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Re: Curious Me

  • Subject: Re: [ferns] Curious Me
  • From: "Louis Chinnery" lec@caribnet.net
  • Date: Mon, 26 Aug 2002 22:50:38 -0300

If a flowering plant is fertilized with it's own pollen,
is the new plant a "clone" (i.e. genetically indentical)
to the "parent" plant?

No. The pollen contains half the chromosomes (one of each pair) of the
"mother" and the ovum will also contain half but,
A) some in each half may be the same thus, the two halves are not the same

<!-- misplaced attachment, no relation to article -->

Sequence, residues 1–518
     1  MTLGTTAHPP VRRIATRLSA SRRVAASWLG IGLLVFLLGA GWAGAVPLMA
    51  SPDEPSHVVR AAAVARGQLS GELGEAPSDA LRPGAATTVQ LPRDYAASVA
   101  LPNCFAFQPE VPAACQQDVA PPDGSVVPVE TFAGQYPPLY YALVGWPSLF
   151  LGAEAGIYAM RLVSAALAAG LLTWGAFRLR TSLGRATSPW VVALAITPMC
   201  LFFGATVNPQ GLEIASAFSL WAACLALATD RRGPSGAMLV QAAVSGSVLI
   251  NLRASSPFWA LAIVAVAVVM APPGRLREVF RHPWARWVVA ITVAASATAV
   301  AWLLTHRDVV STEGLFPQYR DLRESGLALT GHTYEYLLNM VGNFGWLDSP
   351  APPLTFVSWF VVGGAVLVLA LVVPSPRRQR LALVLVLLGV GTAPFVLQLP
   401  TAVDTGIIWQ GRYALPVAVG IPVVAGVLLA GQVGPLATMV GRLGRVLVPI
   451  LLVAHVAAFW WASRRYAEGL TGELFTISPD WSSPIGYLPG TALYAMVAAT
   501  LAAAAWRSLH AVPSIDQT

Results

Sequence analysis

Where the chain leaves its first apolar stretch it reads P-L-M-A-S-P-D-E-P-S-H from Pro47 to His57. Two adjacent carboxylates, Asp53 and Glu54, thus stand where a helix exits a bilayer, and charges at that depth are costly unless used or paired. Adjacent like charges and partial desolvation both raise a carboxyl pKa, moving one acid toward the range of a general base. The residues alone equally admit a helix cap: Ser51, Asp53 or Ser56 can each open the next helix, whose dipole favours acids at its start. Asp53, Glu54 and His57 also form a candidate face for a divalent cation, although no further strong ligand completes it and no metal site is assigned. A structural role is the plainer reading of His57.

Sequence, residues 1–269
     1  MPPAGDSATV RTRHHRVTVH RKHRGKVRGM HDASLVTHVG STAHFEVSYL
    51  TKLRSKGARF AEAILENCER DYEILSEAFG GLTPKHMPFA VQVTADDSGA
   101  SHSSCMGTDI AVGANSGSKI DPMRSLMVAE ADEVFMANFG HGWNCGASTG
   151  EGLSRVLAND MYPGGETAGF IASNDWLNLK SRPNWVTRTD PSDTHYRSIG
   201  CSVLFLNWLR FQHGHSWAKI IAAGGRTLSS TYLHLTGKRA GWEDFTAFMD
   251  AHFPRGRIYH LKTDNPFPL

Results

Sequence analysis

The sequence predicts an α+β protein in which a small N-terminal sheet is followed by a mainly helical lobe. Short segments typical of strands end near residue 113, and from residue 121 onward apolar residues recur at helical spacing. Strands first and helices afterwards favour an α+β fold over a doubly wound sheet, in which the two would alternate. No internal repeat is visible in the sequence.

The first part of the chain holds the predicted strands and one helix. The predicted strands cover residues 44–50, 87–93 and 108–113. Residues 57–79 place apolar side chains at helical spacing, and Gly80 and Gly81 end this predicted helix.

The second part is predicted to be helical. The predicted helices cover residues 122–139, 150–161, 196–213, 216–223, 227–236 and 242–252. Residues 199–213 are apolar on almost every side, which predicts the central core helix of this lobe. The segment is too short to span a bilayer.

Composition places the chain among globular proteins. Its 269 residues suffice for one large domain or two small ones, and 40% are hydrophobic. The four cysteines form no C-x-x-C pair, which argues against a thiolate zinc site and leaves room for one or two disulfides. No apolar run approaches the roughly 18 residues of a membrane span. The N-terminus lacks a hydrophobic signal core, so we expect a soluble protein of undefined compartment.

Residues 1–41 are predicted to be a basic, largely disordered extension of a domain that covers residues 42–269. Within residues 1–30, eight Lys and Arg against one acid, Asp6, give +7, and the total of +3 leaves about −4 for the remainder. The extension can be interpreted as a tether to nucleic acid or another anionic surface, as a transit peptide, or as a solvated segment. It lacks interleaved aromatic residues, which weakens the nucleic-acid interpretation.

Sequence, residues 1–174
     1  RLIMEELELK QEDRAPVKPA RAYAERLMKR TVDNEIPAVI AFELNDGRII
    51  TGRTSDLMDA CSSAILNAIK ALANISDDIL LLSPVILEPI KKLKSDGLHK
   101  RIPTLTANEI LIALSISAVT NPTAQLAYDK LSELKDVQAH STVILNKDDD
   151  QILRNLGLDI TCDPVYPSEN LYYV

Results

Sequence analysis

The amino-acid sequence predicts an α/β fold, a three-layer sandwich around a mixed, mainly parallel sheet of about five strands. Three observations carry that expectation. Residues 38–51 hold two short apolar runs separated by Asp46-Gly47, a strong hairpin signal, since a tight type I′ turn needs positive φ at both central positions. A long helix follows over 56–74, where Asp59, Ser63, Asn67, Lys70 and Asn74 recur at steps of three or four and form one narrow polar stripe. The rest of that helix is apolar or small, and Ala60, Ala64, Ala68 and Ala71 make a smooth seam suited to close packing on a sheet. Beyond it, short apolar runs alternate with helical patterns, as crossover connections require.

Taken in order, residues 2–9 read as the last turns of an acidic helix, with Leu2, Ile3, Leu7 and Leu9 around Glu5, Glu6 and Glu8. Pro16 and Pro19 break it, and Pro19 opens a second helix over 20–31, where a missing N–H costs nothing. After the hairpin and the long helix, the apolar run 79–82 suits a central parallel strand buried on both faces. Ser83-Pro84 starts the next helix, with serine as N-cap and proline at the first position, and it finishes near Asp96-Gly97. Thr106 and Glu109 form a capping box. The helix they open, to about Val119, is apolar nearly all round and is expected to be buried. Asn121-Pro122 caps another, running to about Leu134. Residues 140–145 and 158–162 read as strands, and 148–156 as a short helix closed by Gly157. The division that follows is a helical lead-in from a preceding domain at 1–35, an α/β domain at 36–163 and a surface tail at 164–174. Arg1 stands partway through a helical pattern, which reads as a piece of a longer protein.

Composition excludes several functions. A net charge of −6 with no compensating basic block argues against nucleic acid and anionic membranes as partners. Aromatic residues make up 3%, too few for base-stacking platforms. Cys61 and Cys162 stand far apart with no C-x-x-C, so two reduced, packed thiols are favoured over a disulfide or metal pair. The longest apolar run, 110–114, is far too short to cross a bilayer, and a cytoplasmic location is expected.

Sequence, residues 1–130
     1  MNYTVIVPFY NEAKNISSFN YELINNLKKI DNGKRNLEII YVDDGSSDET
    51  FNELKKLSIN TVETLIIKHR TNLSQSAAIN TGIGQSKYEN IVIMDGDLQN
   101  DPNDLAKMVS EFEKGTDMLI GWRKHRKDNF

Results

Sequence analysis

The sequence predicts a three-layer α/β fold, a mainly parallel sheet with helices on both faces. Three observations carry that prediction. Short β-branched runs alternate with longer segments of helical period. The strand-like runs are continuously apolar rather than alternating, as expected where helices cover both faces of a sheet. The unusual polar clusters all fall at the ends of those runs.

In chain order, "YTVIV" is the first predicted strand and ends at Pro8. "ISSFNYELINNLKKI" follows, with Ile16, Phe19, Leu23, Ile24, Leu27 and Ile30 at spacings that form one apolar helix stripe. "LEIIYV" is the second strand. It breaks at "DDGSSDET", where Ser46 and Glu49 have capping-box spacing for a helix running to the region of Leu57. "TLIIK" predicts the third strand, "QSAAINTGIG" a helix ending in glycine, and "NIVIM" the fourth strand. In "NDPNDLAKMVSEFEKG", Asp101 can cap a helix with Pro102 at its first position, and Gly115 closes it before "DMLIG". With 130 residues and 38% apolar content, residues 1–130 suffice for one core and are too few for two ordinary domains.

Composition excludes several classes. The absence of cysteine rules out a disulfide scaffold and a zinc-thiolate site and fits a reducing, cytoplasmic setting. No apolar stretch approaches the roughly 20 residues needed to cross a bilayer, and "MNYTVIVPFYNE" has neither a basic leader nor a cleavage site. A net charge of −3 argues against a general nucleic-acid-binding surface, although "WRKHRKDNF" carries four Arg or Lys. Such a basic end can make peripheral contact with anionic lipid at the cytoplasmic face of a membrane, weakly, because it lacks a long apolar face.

as the whole,
B) during the formation of the gamete nuclei there is recombination of the
genetic material (genes) thus, the chromosomes are not identical to those of
the mother, and
C) during any copying of DNA mutations may be formed and mutations may have
occurred during the growth of the plant or gamete formation.

A selfed plant is going to be genetically more similar to the mother than
one resulting from cross-pollination.

A clone is a product of asexual reproduction.

Louis Chinnery
lec@caribnet.net

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